If you are planning to make a run for the Nobel Prize using this ingenious technique, then you are a bit late. On 10th April 2019, a group of dedicated astronomers, physicists, mathematicians, and engineers of Event Horizon Telescope revealed the first-ever picture of a black hole (Messier-87). Similarly, Katherine L. Bouman, a graduate-level computer science student at MIT, was credited for the development of such a powerful algorithm. Without her immense contribution, achieving this milestone would not be possible.

Figure 3: Katherine L. Bouman

Bibliography: Event Horizon Telescope, TED

Images: NASA, Event Horizon Telescope, Google images

Article by
Anurag Timilsina

Computer Engineering 1st year

KU as Hogwarts and Computing as Wizardry

KU as Hogwarts and Computing as Wizardry

If coders were wizards, their coding skills would be their wands and their codes would be the spells they cast. The magic here would be their creations!

Being the student of DoCSE here at KU, hovering around this ‘if’, we could say that we chose KU to be our Hogwarts to learn the magic of the computing world. If KU was my Hogwarts, I would find Platform 9 3/4s at Ratna Park as my King’s Cross Station

Where would you find your Platform 9 3/4s?

I have often wondered if a huge black dog that shows up at KU was an Animagus, Sirius Black and the pigeons that show up all the time at the top of our block if you have noticed, were our version of owls. But, thank god, I have not encountered any Peter Pettigrew as any of my friend’s pet or any Moaning Myrtle in the bathroom.

For many of us in the first semester, COMP 101(C Programming Language) would definitely be the Defense Against The Dark Arts, the most interesting one and in the second semester, PHYS 102 (the one with gradients, curl and divergence) would definitely be the Potions, the toughest one. Metaphorically, for me and my classmates, Manoj Sir, who taught us C, would be Professor Lupin and Ganesh Sir, who taught us Physics would be Professor Snape

What about you people?

You know, what would be more interesting with this ‘if’? Our block 9 could be the Hogwarts Castle and could have The Chamber of Secrets. And who knows, one of us could speak Parseltongue with the snakes we keep seeing while chilling at the fountain near our block. The KU canteen could be the Great Hall, where we dined together. The administration block could be the Shrieking Shack of KU. That way, Harry Potter would get to know his godfather in the KU corner. Moreover, IT Meet could be our Quidditch Cup and IT Park our battlefield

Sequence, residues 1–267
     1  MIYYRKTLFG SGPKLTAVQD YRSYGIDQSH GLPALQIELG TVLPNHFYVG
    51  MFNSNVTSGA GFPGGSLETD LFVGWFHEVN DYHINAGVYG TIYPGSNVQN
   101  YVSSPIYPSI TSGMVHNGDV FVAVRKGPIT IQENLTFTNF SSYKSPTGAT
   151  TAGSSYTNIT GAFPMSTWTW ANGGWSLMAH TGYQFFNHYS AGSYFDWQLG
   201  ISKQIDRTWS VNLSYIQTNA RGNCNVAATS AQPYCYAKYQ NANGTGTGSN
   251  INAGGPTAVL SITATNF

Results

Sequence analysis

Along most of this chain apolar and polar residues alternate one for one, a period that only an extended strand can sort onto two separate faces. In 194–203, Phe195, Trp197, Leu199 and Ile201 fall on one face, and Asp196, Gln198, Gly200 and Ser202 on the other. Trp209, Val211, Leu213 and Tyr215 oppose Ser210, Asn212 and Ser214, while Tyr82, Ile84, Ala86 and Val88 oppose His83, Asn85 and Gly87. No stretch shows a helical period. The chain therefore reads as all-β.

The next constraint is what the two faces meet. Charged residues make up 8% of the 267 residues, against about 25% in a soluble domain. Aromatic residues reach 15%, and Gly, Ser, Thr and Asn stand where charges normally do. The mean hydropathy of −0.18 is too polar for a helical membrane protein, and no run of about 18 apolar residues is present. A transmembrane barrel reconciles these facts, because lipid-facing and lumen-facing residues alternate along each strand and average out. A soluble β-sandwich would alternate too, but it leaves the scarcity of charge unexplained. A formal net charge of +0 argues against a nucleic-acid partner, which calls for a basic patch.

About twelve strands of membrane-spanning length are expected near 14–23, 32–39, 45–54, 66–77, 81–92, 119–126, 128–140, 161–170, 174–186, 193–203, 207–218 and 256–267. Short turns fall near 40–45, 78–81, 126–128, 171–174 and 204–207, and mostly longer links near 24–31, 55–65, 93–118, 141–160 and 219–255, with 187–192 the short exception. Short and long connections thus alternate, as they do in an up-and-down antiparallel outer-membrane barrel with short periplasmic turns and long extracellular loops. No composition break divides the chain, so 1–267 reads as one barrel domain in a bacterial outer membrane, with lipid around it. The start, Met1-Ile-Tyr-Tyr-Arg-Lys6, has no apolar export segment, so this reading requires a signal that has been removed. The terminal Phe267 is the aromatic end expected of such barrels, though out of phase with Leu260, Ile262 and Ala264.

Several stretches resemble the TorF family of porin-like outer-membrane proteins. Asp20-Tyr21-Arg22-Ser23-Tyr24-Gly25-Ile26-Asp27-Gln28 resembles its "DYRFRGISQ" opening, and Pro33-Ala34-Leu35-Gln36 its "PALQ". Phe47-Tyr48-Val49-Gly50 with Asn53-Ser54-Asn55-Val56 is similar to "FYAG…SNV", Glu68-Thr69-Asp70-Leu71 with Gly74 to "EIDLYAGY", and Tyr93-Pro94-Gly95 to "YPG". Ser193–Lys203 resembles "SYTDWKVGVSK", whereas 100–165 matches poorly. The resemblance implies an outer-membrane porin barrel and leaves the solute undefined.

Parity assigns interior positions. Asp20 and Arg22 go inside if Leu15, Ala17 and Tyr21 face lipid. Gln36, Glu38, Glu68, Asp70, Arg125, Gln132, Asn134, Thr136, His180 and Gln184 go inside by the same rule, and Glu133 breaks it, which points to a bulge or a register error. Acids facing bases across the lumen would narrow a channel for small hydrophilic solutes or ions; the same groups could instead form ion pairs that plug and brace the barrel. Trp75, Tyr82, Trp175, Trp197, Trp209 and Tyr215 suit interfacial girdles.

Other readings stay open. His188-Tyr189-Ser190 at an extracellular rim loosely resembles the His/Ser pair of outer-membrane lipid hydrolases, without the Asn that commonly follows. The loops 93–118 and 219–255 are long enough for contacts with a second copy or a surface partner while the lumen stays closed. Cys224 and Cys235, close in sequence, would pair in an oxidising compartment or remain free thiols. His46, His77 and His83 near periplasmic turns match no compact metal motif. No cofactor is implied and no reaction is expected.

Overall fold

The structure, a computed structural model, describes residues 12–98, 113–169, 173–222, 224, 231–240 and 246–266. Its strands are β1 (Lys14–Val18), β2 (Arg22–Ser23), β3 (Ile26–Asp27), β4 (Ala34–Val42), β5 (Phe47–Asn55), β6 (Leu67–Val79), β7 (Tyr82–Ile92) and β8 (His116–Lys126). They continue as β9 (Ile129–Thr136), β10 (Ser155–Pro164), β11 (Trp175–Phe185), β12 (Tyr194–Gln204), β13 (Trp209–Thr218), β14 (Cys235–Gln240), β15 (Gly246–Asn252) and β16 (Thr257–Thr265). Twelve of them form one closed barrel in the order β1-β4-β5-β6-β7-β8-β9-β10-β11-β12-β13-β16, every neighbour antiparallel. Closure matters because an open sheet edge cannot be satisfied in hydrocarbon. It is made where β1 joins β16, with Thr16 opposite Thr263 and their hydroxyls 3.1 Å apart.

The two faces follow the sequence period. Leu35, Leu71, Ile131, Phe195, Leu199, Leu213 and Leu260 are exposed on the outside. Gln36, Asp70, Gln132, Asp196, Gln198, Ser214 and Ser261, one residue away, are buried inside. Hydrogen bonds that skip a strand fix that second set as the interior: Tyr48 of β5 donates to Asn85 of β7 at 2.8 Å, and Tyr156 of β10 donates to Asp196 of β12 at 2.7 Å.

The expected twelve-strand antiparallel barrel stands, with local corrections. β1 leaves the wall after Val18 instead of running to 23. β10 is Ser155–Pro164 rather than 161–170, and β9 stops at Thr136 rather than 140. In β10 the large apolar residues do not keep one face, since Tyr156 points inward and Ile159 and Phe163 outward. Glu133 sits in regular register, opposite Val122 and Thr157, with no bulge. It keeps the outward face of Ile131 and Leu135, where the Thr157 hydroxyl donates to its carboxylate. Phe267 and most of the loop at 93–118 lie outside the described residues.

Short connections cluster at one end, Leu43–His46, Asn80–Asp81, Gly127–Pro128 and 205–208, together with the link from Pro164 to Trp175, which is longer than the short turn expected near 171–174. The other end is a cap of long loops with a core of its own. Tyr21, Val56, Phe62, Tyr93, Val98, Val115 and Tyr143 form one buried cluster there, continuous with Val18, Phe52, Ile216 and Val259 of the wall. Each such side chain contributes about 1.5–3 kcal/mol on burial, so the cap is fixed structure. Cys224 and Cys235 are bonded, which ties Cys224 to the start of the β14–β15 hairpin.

Competing teams, you better work hard if you want to grab a Snitch!

Sadly, having an Invisibility Cloak or a Marauder’s Map is quite impossible in our world. And what’s worse is that the dementors would try to suck happiness from our soul at the times of pressure due to assignments and exams. 
So, wizards, be prepared with your Patronus Charm!

Being a potterhead, I can go on and on about this imaginary wizard world at KU, and those of you who could relate, may want to add some of your imaginations too, here. However, this needs an end; an end that we can learn something valuable from. So, in order to wrap this article up in the most serious and inspirational way possible, I want to emphasize on two major things. First, there is no Sorting Hat in our world. We must recognize our strengths on our own. Second, as I said earlier, our skills are our wands, but, unlike in Harry Potter’s world, neither some Ollivander will be making any wands for us, nor those wands would choose any metaphorical wizard of a real world. Instead, we must choose and build our own wands, our own set of skills.

Finally, as a believer of magic in this real world, only one thing remains to be said, ‘Explore the magic in you, and be the wizard you have always wanted to become!’


KUCC demonstrated LTSP at Seventh National Science Day

KUCC demonstrated LTSP at Seventh National Science Day

Kathmandu University Computer Club demonstrated Linux Terminal Server Project at Seventh National Science Day on 16th September,Monday.

KUCC representatives Yogesh Bhandari(President),Anil Shrestha(KUOSC Co-ordinator),Prabhat Neupane(Club Secretary),Aashish Dhakal(Executive Member),Salina Koirala(Executive Member),Sija Adhikari(Executive Member) were present in the event at IT Park on behalf of KUCC